(442c) A Performance Study of an Experimental Vibrating Screen in Treating Water-Sand Slurry

Authors: 
Benis, S., The University of Akron
Chase, G. G., The University of Akron

A vibrating screen is the most common solid-liquid filtration equipment in the drilling industry. In the oil drilling industry, these vibrating screens, called shale shakers, separate coarse cuttings from the drilling mud in preparation for reuse of the mud in the borehole. The capacity of drilling mud that a shale shaker can process is dependent upon the operational parameters such as vibration frequency and acceleration, mud rheology, mesh size and the shaker deck angle. The strategy of changing in the performance of a shale shaker by altering in the operational variables is not well understood and characterized.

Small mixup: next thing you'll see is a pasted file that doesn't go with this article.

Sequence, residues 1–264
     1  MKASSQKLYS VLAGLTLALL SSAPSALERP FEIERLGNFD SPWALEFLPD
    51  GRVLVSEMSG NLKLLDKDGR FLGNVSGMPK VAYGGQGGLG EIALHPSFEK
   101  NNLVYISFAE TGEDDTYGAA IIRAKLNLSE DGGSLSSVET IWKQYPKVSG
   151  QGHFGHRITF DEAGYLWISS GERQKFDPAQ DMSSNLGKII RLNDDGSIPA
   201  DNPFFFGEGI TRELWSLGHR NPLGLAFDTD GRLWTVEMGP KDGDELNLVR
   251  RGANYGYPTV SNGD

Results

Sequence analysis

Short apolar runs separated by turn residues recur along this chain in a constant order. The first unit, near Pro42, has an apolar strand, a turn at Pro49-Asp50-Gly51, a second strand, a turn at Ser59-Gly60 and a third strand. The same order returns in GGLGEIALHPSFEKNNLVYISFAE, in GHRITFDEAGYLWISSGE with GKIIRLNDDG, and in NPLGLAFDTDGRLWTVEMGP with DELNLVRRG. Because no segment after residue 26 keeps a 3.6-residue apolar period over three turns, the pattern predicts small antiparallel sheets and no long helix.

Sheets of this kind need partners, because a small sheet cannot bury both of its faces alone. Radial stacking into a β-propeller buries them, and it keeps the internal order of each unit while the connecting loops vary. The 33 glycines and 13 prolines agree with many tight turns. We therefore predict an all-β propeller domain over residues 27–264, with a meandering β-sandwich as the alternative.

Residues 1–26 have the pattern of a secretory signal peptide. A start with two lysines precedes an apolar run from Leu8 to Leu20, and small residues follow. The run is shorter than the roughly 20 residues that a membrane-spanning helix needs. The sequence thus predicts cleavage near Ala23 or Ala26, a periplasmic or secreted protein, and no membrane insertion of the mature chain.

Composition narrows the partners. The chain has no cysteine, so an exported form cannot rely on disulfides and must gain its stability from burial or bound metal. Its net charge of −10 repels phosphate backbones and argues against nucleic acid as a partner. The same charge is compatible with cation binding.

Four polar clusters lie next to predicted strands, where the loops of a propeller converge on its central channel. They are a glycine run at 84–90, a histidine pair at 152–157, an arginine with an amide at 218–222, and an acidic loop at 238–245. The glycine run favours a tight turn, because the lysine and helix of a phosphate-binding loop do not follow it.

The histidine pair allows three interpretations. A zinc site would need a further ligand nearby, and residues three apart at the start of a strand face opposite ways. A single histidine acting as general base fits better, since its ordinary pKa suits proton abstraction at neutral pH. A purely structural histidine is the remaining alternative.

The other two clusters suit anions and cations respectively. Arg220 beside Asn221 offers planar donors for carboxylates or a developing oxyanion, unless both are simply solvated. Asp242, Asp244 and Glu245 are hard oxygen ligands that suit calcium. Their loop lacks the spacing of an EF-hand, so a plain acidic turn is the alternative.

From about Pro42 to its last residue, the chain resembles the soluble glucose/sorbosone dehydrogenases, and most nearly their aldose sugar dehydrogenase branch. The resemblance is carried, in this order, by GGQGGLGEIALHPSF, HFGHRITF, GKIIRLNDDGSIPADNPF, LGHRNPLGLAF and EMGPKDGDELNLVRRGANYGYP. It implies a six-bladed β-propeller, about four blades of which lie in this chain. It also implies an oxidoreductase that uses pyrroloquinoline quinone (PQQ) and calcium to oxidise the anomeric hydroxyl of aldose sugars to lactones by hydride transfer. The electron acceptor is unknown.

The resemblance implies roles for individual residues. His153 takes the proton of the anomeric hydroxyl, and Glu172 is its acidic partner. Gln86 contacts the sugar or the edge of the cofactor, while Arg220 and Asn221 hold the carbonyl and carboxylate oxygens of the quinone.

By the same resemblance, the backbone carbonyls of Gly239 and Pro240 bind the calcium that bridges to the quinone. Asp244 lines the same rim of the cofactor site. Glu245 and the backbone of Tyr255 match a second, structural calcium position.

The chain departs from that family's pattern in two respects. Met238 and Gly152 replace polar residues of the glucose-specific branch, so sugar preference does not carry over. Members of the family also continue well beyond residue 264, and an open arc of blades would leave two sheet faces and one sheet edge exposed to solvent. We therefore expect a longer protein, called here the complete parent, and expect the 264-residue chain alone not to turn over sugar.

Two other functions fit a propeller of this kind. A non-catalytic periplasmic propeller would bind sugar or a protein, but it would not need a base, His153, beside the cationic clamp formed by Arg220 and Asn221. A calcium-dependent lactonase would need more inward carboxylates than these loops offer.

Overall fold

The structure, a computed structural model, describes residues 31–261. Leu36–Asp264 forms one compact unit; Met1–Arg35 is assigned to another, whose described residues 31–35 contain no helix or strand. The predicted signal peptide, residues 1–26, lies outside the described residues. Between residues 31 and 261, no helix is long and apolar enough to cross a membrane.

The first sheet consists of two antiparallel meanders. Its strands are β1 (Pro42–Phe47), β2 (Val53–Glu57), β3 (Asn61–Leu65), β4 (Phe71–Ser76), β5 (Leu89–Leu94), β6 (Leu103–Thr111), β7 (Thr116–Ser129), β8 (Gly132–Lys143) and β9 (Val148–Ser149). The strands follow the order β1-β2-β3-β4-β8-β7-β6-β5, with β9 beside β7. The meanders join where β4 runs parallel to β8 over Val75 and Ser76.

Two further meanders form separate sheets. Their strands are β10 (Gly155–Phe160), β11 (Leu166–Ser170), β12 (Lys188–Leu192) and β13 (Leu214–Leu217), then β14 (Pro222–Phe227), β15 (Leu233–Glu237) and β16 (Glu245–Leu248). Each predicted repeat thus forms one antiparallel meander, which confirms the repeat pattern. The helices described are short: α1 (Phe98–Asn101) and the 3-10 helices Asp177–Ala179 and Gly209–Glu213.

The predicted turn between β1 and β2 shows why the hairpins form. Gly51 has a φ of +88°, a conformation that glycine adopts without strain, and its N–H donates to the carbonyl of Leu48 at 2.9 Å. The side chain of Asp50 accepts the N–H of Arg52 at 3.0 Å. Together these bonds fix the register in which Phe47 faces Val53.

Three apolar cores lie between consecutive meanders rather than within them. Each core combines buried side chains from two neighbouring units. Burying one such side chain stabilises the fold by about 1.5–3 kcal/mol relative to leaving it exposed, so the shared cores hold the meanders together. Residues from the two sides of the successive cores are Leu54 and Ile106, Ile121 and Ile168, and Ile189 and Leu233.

In this work the performance of a lab scale shale shaker in separation of different sand-water slurry concentrations was studied at various frequencies, accelerations, and deck angles,. The results for slurry concentration less than 4% sand showed that the shaker is capable of separation in a frequency range of 90-120 Hz for the entire range of angles and accelerations. The velocity of the wet filter cake at the outlet of screen decreased with angle and increased with acceleration and frequency.

The experimental results showed the vibrational frequency had the most effect on shaker performance.  Deck angle affected performance to a lesser degree, and vibration acceleration had only a moderate effect on the performance.